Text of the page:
The other obvious weakness for the Hawks in the postseason was rebounding. Horford and a less-than-100% Millsap usually held their own, but the bench options of Antic and Scott were not the kind of guys that could remedy rebounding issues whenever the Hawks were in a rut. This issue was amplified upon Sefolosha’s injury, as he provided a rebounding boost from the small forward position when he was on the court. (8.2 rebounds per 36 minutes)

Of course, an important concept to remember here is how the Hawks play. Coach Mike Budenholzer preaches pace and space on offense, and activity, quick hands, and awareness on defense. The best fits for the Hawks are going to be players that exhibit most or all of these attributes.

Finally, something that sticks out heavily, is the salary cap. I will not go into all of the Hawks’ salary cap specifics here, but suffice to say, the Hawks will have money to spend in the offseason. Also important is the NBA’s new TV deal that will start with the 2016-17 season, which will likely send the salary cap soaring to at least $85 million. Because of these, teams may be willing to overpay for free agents this year, as they know those contracts will not be as large of a hit to their cap in the future. Combating that will be whether or not players desire long-term contracts, as they may opt for shorter contracts to take advantage of the future cap spike.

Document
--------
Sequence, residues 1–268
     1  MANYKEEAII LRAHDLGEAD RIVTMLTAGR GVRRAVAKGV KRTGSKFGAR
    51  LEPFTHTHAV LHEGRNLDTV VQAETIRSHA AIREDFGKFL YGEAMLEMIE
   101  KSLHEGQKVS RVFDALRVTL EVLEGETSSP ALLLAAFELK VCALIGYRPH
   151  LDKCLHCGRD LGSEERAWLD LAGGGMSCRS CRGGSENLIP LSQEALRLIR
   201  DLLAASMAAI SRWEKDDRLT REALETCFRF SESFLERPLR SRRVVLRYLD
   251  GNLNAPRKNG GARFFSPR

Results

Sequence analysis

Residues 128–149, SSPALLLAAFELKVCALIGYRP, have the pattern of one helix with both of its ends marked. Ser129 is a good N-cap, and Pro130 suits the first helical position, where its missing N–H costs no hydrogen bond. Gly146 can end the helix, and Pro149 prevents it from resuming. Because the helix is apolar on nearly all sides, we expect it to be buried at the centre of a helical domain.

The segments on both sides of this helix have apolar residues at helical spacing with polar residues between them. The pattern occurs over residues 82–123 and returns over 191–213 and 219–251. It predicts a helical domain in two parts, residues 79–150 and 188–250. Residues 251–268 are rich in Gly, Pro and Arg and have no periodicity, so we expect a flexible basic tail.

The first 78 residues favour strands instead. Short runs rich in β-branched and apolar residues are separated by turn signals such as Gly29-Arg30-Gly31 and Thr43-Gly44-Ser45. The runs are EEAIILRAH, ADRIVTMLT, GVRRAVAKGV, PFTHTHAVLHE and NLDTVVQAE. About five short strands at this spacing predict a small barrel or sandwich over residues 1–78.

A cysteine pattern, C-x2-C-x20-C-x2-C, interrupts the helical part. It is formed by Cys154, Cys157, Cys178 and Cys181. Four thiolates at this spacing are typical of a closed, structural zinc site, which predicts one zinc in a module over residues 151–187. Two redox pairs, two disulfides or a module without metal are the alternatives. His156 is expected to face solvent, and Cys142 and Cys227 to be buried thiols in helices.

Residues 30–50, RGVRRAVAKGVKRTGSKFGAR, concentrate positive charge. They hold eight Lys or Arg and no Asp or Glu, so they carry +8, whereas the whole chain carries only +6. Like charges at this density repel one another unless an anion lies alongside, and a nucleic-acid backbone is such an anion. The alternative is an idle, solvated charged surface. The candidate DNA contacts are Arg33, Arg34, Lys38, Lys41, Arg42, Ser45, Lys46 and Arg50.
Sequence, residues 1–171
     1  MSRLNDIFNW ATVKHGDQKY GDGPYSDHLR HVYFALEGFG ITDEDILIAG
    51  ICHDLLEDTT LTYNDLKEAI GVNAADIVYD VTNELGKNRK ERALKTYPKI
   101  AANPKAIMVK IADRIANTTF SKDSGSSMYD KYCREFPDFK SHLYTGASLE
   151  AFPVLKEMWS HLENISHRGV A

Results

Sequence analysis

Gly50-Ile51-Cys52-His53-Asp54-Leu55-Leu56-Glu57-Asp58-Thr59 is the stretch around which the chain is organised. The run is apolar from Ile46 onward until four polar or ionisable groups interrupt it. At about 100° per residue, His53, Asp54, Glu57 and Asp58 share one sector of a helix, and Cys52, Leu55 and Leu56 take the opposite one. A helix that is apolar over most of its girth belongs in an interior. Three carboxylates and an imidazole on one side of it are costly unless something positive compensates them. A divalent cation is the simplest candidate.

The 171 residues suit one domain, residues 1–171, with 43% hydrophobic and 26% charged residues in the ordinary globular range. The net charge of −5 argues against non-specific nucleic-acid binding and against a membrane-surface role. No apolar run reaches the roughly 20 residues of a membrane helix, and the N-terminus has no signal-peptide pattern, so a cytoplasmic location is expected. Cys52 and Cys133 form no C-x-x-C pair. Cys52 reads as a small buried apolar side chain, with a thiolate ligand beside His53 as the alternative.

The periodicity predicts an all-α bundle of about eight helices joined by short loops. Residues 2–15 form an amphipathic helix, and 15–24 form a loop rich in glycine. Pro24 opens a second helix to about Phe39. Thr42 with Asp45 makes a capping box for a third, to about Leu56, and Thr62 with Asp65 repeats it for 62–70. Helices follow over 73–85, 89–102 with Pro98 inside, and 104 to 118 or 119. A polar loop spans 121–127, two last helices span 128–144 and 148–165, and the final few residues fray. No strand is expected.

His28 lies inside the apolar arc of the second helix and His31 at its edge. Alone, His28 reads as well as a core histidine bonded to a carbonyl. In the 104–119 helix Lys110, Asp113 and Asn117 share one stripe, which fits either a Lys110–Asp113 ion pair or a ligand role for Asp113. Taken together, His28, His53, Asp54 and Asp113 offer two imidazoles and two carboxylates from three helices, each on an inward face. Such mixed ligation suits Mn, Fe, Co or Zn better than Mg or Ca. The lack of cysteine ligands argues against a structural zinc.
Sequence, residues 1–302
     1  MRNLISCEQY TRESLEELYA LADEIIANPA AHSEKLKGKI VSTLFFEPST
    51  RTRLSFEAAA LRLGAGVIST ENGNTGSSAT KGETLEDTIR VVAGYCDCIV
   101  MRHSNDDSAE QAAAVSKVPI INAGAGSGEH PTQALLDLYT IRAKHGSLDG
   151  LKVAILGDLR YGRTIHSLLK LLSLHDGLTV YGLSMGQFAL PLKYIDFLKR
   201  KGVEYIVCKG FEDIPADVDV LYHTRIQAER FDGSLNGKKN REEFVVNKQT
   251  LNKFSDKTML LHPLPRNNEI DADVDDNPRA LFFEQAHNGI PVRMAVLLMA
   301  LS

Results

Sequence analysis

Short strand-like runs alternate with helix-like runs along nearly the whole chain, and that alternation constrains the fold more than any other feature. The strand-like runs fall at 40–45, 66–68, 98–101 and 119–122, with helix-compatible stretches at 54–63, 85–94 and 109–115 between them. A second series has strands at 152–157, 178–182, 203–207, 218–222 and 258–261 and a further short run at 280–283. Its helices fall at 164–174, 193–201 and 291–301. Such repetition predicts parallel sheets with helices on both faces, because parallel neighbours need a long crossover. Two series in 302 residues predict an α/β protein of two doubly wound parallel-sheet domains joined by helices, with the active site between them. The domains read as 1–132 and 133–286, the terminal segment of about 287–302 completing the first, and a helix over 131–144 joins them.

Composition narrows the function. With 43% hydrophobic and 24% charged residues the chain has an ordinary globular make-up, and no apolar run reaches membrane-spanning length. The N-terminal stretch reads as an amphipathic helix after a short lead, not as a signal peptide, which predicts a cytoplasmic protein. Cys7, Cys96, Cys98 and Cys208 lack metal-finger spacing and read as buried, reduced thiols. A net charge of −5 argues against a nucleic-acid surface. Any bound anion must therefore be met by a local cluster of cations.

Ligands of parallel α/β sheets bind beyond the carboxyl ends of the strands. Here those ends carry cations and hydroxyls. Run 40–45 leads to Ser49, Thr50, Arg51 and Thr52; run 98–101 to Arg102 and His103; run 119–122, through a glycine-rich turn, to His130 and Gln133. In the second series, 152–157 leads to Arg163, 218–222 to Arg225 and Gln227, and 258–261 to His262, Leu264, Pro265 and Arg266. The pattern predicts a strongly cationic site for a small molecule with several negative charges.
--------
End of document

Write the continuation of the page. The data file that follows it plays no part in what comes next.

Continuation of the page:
Taking all of that into consideration, I present my free agent targets for the Atlanta Hawks.

YOU PROBABLY WANT THESE GUYS BACK

Paul Millsap, F, Atlanta Hawks
Millsap averaged 16.7 points on 56.5% true-shooting, 7.8 rebounds, and 3.1 assists on the season. He was named an All-Star for the second consecutive season and was one of the most important defenders on a team that finished sixth in defensive efficiency. Continue Reading…